The amount of the previously undisclosed settlement between the City of Ferguson, Missouri, and the family of a black teenager fatally shot by the police in 2014 has been revealed by the city's attorney, according to a Friday report by the Associated Press. Michael Brown's family received a $1.5 million settlement from the Missouri city for his death, which was being argued in civil court.
Brown's parents, Michael Brown Sr. and Lezley McSpadden, brought forth the civil suit against the city, former Police Chief Tom Jackson and the officer who killed Brown in 2015, arguing that the police department was hostile toward African Americans and that the officer had used excessive force. When the settlement was initially announced, U.S. District Judge E. Richard Webber approved the deal but did not disclose the amount to be paid. According to NBC News, Webber wrote in his decision on the case that the amount "fair and reasonable compensation for this wrongful death claim and is in the best interests of each Plaintiff," and that the money was to be split between the parents.
This is the latest in a long series of legal actions surrounding Brown's death, which sparked the Black Lives Matter movement and increased attention on police use of force against minorities. Under the Obama administration, the Department of Justice investigated the Ferguson police department and noted severe systemic racism within "nearly every aspect of Ferguson’s law enforcement system." The DOJ also investigated Brown's death itself, but found in 2015 that the Ferguson police officer who shot and killed Brown should be cleared of all criminal charges.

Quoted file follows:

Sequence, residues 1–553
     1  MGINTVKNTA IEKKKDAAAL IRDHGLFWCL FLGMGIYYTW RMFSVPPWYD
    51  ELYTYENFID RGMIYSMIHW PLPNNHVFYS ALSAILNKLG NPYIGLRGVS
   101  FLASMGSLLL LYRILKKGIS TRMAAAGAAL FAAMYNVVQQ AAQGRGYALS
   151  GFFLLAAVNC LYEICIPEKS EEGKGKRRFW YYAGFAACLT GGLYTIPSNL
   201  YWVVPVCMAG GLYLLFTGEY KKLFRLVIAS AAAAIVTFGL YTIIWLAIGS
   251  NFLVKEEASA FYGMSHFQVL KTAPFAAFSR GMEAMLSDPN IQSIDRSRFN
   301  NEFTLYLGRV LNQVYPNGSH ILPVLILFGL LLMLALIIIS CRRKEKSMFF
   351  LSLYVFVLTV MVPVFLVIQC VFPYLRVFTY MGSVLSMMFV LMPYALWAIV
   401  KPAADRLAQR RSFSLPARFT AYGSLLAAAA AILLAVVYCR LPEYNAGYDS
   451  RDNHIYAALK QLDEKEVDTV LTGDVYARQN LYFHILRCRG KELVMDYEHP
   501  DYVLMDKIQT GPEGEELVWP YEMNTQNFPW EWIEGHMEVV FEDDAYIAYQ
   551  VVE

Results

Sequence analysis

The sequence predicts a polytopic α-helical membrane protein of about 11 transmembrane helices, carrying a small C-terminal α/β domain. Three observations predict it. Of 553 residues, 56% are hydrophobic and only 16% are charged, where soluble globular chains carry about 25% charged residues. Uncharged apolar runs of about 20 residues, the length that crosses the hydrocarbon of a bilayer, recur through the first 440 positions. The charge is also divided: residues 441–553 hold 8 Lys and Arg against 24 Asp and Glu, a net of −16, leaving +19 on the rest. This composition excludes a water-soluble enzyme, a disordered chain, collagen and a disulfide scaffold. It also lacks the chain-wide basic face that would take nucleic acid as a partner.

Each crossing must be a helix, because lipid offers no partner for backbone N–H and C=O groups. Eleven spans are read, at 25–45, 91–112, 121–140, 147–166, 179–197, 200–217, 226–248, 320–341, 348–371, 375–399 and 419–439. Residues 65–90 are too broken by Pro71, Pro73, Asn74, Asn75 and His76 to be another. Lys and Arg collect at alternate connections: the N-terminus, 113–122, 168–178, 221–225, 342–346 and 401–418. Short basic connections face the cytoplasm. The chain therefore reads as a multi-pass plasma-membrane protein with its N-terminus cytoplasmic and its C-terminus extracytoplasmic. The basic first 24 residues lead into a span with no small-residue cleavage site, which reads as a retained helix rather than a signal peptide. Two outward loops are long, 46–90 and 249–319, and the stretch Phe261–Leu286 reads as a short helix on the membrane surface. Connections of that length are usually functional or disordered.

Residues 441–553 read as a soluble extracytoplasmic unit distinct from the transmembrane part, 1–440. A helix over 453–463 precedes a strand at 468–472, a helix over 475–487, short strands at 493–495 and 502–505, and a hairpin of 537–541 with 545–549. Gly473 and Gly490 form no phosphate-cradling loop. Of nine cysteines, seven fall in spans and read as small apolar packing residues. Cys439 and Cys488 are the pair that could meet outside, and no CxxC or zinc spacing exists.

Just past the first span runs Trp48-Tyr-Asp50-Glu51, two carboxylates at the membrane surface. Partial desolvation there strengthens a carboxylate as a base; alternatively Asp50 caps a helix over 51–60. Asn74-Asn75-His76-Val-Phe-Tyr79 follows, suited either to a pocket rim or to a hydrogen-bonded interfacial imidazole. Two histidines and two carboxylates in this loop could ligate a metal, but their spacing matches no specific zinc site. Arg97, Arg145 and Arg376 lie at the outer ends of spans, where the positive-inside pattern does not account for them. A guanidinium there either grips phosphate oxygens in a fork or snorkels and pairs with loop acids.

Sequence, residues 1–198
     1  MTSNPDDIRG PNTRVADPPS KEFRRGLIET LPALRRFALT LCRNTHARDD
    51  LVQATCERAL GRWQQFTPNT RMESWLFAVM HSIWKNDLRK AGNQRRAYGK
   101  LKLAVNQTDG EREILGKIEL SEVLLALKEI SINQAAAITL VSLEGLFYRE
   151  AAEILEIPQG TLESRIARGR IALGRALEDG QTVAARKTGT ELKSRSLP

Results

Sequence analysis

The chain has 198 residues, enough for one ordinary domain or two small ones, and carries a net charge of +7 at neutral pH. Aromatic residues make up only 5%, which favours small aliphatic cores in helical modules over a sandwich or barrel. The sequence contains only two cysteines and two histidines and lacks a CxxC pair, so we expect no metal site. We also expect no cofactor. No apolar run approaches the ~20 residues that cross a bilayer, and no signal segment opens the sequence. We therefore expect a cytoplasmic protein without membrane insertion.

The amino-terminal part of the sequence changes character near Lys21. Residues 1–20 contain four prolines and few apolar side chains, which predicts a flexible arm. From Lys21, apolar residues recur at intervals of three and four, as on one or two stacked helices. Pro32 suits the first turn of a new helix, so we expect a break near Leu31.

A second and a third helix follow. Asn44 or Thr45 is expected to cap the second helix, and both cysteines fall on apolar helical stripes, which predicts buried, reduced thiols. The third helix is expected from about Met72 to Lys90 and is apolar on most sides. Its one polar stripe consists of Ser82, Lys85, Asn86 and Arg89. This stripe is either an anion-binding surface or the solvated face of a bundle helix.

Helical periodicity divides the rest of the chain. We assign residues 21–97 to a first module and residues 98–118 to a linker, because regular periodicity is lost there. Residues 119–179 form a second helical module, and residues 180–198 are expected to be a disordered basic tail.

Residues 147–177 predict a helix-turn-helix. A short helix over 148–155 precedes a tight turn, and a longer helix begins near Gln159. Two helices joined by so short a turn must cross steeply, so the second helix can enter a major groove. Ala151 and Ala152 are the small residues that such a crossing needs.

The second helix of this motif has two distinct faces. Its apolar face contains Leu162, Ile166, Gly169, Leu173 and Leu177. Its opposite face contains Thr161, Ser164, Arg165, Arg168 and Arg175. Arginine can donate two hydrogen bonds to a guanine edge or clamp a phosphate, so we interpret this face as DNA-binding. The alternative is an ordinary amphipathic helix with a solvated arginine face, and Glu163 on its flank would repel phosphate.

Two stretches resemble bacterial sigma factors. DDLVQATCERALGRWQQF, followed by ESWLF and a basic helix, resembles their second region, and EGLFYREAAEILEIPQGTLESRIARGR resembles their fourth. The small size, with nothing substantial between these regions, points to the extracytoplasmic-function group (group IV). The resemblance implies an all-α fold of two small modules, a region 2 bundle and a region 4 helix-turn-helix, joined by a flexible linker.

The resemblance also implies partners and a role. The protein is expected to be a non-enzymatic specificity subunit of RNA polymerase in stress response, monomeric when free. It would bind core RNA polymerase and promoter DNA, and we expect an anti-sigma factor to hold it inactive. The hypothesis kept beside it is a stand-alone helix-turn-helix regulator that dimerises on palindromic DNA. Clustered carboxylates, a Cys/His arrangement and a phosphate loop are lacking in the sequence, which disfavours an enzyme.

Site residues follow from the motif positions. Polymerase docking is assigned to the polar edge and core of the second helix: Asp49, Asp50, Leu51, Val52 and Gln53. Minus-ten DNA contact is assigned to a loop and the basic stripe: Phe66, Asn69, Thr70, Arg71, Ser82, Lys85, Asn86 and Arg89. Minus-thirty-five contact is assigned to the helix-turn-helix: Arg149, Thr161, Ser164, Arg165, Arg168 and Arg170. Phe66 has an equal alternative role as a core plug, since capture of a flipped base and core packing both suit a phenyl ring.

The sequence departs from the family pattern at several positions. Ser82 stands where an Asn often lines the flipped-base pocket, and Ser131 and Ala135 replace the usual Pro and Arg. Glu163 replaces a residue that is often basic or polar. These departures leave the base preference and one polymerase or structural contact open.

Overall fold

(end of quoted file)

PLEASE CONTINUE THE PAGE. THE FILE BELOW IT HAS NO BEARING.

Ferguson reaches settlement with family of Michael Brown, whose shooting by a white police officer sparked unrest https://t.co/ofsYqudl1L— Wall Street Journal (@WSJ) June 23, 2017
Brown's family reportedly declined to comment to the Associated Press on the settlement, so there's no word yet on how it will be spent. Part of the legal case for the settlement was that his family was deprived of the financial support from Brown's future wages, indicating that the money may be needed to help cover basic living expenses. According to the Brookings Institute, nearly half of Ferguson lives below 200 percent of the federal poverty level ($23,492 for a family of four in 2012), so it's very possible that Brown's family has serious financial difficulties. Brown left behind two younger sisters and seven step-siblings after his death, who may also benefit from the settlement.
The legal case surrounding Brown's death has ostensibly ended, but the legacy it has built will undoubtedly continue. Just this week, outrage sparked after Seattle police fatally shot Charleena Lyles, a black mother of four who reportedly suffered from mental health issues, with many arguing the case as more evidence of nationwide, systemic discrimination against African-Americans. The societal problems highlighted by Brown's death are still raging nearly three years later, and they'll be much more difficult to adjudicate than the Brown family's settlement.